The Players has had its detractors over the years, and you can argue the merits of the Stadium Course. But the fact it returns to such a famous -- or infamous -- venue each year helps make the tournament what it is.

"I would say I think this event is much bigger," said Tiger Woods, who has a single Players Championship title on his résumé and 16 WGC titles. "The field is so much deeper. Generally you probably get, what, 95 out of the top 100 players in the world each and every year. And you don't really get that in all the World Golf Championships. Usually the cutoff is around 50. This field is so much deeper, and I think it's played on a much more difficult golf course."

Harig's head-scratcher of the week

Phil Mickelson has been known to speak his mind, especially if he has an agenda, such as in the conforming grooves controversy earlier this year.

But it was difficult to decipher his motives over the weekend at Quail Hollow where he went out of his way to criticize the greens.

"For as beautifully designed as this golf course is from tee to green, the greens are some of the worst designed greens that we have on tour, and 18 is one of them," Mickelson said. "I would say 18 is the worst on tour, except it's not the worst on this golf course, 12 is, and we have some ridiculous putts here that you just can't keep on."

Mickelson had a long birdie putt on the 18th hole on Saturday that he did not even attempt to make, aiming well to the right of the hole. In fact, he didn't even have his caddie tend the pin, so sure was Mickelson that he'd be going nowhere near it.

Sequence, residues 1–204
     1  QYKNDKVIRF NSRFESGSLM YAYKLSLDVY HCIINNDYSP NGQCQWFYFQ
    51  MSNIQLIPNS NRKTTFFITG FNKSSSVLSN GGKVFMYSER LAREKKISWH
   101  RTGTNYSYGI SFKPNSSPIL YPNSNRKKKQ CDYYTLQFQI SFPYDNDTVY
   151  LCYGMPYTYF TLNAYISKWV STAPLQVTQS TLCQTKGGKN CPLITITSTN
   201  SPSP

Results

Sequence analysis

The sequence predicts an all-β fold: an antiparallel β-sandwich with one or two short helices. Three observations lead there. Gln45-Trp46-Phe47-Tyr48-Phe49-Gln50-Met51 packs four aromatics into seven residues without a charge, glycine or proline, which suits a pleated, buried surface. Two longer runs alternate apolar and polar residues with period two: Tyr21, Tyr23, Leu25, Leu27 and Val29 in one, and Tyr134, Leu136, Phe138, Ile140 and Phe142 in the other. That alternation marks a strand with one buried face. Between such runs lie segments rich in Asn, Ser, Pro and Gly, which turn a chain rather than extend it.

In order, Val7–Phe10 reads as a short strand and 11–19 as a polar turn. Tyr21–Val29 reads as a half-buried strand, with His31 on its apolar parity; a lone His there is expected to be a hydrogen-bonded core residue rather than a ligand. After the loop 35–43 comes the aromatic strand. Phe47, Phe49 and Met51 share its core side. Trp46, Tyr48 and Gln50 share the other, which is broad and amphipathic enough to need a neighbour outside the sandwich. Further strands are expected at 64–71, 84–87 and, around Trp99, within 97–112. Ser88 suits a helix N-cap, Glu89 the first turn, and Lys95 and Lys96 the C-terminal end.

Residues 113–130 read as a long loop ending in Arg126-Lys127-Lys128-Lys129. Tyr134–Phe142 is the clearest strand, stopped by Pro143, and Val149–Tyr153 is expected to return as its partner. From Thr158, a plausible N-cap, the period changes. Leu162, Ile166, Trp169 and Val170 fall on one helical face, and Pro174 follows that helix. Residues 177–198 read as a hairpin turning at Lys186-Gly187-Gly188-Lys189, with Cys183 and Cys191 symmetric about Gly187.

Lefty is certainly entitled to his opinion, and the greens at Quail Hollow are severe, but it still seems puzzling that Mickelson would go to such extremes to call them out. Nobody else was complaining. The winning score was 15 under par. Rory McIlory shot a final-round 62. Phil shot 68 to finish second.

Perhaps his beef was with the way the course was set up and where some of the pins were positioned.

Quail Hollow remains one of the most popular events on tour, and Mickelson lauded the rest of the course. Quail Hollow is discussing the possibility of getting involved in hosting either a future PGA Championship or Ryder Cup.

So you want to play ...

... TPC Sawgrass. The Stadium Course at TPC Sawgrass is now in its 29th year as home to the Players Championship at PGA Tour headquarters. The course is part of a Marriott resort and typically requires an overnight stay to play the course, although at various times of the year there is access to the venue for outside play.

The green fee for a single player on the Stadium Course, for example, is $375. But there are numerous rates and stay and play packages available and some include rounds on the nearby Valley Course, which hosts a Nationwide Tour event.

The Stadium Course has evolved into one of the most famous in the world, due mostly to the controversial 17th hole island green and because the world's best have been coming here for years.

It didn't start out that way. Designer Pete Dye was initially panned when the tournament was played at the venue for the first time in 1982. But over time, and with adjustments, it has evolved into a well-respected course.

The tournament dates to 1974, when it moved to different venues starting with Atlanta Athletic Club, where Jack Nicklaus won the inaugural. After going to Colonial and Inverrary, the event moved to Sawgrass Country Club -- across the street from the TPC complex -- in 1977 and stayed there through 1981.

For more information, visit www.tpc.com/sawgrass.

Bob Harig covers golf for ESPN.com. He can be reached at BobHarig@gmail.com.

Comments

You must be signed in to post a comment

Already have an account?